By Daniel Um
A burgeoning field and its place on Harvard College’s campus.
By DANIEL UM
Akshar Bonu ‘17, who launched his iPhone app Masquerade on September 1st, says he was “pleasantly surprised” by the overall campus receptiveness to the app. However, he is not the only Harvard undergrad to find app success.
With its low cost and high profits, mobile app development is fast evolving as an appealing option for college-aged entrepreneurs. At Harvard, many students across all years are hard at work, developing applications for community members on campus. With the rapid evolution of Silicon Valley and the “start-up” as central fixtures in our collective imaginations, many have argued that institutions like MIT and Stanford, with their emphasis on tech entrepreneurship, are all set to be the educational Meccas of the 21st century. It is only appropriate that Harvard is following suit and students are leading the charge.
Masquerade allows you to chat anonymously with people on campus. After chatting for indefinite periods of time, the application allows you to reveal your identity. This platform could serve many purposes, including dating where instead of physical appearance as the initial appeal, one’s personality can shine as users share funny stories, news, and experiences.
In addition to Bonu, the Masquerade team consists of Elliot Safo’17, growth team lead, Jason Dong’17 and John Stubbs’17, members of the growth team, and Mark Yao’16, development lead. Before the launch, Bonu and his team advertised with a booth set up at the activities fair and disseminated fliers during CS50’s and EC10’s first lectures. Although numbers remain confidential, Team Masquerade is optimistic about its future. “We have been thrilled by the app’s engagement and reach from Massachusetts to Texas and everywhere in between. The feed is full of banter and revelation,” says Bonu.
Bonu is pleasantly surprised by the campus receptiveness to Masquerade saying that students have been “very enthusiastic” about the app. Claire Spackman‘19 says that the application is an “innovative and entertaining way” to get to meet new people as “it is likely that you share some common interests with your match-up.” Nate Hiatt‘19 also thinks that the app is an “interesting concept.” However, he says he won’t frequent the application until more of the Harvard student body is hooked.
Interestingly, this is not the first time Bonu has launched an iPhone app. In spring of his freshman year, he launched Instanomz, a student-run food delivery service that provided late-night fast food from Felipe’s, Pinocchio’s, and Shake Shack to freshmen living in Elm and Ivy Yards. Unfortunately, Instanomz ceased operation after an unresolvable conflict with Harvard administrators and Harvard Student Agencies (HSA). There was a breakdown of negotiations with Harvard Student Agencies and administrators said that the app must partner with HSA in order to operate on campus. Team Masquerade has not interfaced much with the administration yet, but the app’s entire online platform has given administration little reason to intervene.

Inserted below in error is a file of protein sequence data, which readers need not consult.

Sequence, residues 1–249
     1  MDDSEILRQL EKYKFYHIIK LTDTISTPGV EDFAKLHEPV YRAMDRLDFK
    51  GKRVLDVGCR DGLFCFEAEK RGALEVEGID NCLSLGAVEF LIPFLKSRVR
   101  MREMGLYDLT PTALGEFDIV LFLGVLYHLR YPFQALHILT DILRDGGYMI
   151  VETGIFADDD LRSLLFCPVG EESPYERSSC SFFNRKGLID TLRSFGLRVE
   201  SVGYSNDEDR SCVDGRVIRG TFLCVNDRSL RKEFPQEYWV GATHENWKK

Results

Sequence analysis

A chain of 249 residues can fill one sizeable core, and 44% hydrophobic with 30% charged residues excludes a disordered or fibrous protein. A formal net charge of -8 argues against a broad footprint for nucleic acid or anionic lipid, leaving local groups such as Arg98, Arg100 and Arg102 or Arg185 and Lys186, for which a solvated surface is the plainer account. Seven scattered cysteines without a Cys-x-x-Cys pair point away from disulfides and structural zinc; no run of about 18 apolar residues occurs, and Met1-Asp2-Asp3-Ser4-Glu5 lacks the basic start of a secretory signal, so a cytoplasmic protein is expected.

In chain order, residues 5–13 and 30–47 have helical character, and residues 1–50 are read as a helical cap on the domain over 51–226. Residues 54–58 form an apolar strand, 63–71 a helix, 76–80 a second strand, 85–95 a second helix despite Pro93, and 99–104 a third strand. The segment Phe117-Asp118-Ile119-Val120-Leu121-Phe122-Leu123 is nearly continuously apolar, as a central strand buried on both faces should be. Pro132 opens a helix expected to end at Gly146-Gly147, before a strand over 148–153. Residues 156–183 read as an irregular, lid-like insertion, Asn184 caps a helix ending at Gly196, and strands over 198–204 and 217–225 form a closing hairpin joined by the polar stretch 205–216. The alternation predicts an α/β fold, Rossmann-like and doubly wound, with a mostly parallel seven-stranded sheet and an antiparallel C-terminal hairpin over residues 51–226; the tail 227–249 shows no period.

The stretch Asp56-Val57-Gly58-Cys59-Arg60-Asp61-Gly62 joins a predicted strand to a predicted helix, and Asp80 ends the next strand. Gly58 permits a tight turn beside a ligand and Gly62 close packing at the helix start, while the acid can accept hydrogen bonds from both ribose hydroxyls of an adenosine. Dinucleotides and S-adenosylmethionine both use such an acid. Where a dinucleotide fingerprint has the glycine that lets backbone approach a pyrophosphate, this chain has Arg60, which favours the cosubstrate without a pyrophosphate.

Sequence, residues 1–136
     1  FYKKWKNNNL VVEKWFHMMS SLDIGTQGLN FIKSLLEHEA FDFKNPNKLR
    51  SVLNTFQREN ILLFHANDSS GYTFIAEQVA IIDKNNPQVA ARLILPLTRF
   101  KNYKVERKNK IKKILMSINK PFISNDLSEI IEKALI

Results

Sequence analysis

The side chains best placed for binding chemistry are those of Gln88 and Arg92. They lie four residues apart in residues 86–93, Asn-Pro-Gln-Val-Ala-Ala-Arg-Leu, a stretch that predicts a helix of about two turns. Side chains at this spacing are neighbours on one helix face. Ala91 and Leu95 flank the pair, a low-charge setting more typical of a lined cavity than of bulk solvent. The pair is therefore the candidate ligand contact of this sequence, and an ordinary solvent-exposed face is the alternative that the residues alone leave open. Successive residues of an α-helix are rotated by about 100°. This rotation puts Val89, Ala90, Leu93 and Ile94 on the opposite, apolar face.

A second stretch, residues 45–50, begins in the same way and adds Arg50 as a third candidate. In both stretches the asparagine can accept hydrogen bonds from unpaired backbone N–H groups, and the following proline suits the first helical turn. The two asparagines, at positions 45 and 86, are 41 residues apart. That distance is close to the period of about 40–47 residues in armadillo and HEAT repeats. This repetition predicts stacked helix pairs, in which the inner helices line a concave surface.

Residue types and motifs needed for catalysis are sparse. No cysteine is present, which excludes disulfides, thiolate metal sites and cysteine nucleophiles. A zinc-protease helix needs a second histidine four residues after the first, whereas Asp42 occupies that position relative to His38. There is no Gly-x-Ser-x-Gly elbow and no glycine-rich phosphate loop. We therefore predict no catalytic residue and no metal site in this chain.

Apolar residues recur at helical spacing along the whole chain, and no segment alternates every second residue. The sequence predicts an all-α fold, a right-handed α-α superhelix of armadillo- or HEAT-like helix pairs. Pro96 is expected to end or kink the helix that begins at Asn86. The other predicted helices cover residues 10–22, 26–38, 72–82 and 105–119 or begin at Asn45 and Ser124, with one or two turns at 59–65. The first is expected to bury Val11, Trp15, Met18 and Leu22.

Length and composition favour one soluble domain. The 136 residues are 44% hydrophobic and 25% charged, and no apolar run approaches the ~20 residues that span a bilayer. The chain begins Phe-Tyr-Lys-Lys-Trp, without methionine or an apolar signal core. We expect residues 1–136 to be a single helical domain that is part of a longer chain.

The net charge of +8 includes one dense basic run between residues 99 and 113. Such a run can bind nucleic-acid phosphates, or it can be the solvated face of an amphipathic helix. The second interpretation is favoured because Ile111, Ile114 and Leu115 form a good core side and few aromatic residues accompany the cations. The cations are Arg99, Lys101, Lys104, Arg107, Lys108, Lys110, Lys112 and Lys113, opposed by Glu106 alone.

Another upcoming student-developed application is “Drizl.” Founder Ryan Fortin’16 and head of development Mitchell Foster’17 describe the app as “a piggy bank with a math degree.” It is a mobile budgeting application designed to help one manage loose change from debit or credit cards. Fortin says it is “similar” to Bank of America’s ‘Keep the Change’ program, but is optimized for Harvard students. With Drizl, “loose change from transactions will be put into a user’s app.”
The inspiration for the application came from a conversation between Fortin and his mother, who believes college students are too “loosey goosey” with their money. She asserts that spontaneous purchases and subscription-based products are the biggest obstacles college students face when budgeting. The app is targeted at all young adults in order to help them budget and manage their money.
Fortin said that in recent years, Harvard has become a great place to launch projects and ventures. He is currently enrolled in a startup class that is offered in the engineering sciences department and has consulted with numerous professors regarding his idea. Bonu has also taken the course.
Fortin sees Harvard allowing him to receive credit for the class as indicative of how “dedicated” the administration is to improving startup culture. Furthermore, he feels that students “seem very interested and excited when presented with startup ideas,” putting the startup culture in the 02138 in a “pretty good place.”
Daniel Um‘19 (firstname.lastname@example.org) hopes to have his own app start-up in the near future.